Still Greening After All These Years
The world is rich in lovely cities--Rio, Athens, Edinburgh, Rome, Tokyo and the rest. But the Philadelphia of the future, as some citizens have dreamed it, will be able to hold up its head with the greatest. I like to think of a Philadelphia in which the lower Schuylkill would be something more than a canal of oily ooze; in which the wonderful Dutch meadows of the Neck would be reclaimed into one of the world's loveliest riverside parks, and in which the Parkway will stretch its airy vista from the heart of the city, between stately buildings of public profit, out to the sparkling waters of Fairmount.
- Christopher Morley, circa 1918
Has Philadelphia closed in, even a little bit, on this 85-year old dream? Philadelphia's Benjamin Franklin Parkway is complete; the Schuylkill does tend to sparkle; and traveling upstream from the dam at Fairmount, parkland is all green and sometimes even flowery. But traveling downstream, the idea for a green lining for Philadelphia has its fits and starts.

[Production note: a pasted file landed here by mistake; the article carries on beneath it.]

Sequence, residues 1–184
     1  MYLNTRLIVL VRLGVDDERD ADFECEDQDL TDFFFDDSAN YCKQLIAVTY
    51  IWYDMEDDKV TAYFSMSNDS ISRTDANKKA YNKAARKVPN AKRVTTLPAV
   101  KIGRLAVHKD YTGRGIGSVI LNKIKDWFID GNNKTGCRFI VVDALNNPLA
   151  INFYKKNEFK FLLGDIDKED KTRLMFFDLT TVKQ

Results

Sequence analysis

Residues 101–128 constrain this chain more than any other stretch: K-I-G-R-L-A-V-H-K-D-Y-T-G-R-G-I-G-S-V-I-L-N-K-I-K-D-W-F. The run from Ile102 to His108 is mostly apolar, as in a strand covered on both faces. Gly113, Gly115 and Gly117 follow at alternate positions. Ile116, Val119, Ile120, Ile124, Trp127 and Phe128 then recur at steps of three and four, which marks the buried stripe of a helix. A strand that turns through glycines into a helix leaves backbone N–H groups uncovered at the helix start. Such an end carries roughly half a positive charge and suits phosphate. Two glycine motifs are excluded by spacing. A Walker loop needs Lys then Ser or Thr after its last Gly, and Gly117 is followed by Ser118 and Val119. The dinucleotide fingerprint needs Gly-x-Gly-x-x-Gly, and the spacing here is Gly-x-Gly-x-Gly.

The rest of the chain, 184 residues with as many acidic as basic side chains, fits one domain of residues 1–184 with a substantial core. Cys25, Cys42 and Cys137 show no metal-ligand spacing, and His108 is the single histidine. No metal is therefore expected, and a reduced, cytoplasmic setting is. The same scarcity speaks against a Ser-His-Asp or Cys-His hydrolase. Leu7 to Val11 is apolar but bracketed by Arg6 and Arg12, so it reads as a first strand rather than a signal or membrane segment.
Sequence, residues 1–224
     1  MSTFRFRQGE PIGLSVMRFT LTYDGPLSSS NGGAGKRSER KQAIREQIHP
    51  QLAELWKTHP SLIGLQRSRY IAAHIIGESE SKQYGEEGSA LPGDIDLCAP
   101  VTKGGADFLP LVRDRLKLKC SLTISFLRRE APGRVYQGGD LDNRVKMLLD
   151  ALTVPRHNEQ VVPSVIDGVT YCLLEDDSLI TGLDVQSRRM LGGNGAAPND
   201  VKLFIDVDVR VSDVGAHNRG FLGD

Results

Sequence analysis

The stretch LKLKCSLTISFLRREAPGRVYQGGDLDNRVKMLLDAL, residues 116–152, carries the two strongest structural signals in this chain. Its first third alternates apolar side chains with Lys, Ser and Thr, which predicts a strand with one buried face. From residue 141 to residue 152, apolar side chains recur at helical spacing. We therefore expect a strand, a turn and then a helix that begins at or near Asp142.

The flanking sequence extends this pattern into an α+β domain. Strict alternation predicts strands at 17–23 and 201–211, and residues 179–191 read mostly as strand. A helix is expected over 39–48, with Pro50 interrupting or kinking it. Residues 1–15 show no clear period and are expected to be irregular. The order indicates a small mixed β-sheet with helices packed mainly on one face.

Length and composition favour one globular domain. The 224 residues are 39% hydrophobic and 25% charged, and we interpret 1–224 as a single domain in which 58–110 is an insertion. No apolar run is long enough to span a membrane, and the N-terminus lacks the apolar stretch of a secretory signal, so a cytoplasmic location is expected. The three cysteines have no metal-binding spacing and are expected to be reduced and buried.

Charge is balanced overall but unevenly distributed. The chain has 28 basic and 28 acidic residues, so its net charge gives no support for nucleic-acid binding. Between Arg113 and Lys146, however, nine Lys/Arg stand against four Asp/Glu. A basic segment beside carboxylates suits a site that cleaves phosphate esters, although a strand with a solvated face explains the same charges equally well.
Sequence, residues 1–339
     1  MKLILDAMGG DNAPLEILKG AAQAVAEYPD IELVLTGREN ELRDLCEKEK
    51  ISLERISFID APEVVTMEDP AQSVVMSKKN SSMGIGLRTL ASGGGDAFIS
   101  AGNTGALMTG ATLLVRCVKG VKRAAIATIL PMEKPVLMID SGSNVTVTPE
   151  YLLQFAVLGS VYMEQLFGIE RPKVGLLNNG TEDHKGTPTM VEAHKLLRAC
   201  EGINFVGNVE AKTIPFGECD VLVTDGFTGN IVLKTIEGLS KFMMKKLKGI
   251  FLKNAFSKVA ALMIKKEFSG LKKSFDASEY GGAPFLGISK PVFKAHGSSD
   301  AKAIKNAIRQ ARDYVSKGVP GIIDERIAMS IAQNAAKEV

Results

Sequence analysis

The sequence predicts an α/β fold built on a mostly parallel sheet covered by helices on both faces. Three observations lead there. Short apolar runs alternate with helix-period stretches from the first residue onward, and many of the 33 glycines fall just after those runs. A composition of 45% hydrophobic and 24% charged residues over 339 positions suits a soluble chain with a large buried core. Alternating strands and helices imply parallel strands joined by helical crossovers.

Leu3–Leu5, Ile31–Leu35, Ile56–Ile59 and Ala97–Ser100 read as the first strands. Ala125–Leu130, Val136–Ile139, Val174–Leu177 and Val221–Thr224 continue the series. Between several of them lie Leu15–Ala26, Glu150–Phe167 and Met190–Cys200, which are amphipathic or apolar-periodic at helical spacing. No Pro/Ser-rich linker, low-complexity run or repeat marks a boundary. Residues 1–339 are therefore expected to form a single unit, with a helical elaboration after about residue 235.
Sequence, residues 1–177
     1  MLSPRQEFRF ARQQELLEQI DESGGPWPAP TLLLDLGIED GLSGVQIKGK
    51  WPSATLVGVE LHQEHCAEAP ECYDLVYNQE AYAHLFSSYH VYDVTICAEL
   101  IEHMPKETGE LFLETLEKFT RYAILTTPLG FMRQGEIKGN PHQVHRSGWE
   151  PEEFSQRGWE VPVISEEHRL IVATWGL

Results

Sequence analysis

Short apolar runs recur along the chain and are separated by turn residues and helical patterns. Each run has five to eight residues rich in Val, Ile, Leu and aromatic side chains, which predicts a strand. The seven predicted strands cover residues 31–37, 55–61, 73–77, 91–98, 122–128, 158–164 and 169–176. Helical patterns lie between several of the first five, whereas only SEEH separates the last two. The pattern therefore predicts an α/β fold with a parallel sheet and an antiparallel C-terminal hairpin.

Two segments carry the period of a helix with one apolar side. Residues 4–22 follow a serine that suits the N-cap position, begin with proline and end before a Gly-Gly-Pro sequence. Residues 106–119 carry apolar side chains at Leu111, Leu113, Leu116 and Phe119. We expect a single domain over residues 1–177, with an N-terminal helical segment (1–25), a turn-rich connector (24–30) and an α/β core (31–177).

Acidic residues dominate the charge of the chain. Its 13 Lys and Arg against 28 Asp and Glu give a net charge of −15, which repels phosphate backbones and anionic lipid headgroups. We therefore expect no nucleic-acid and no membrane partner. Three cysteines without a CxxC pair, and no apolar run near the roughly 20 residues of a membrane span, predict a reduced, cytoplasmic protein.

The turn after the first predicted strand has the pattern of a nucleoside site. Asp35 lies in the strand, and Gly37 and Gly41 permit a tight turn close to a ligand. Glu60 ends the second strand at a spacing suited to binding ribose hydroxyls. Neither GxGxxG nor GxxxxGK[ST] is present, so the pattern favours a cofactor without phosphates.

Joel Rose, Producer and Editor
Viet Le, Rachael Berenguer and Jennifer Lynn, Associate Producers
Elisabeth Perez-Luna, Executive Producer
Kenneth Finkel, Executive Director, Arts & Culture Service
Funding was provided by The William Penn Foundation.
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Marking Pennsylvania History
Nestled in the industrial landscape of Southwest Philadephia is the country's oldest surviving botanical garden. In our continuing series on historical markers in the Philadelphia region, WHYY's Joel Rose visits Bartram's Garden, the home of 18th century horticulturist John Bartram. [Listen]
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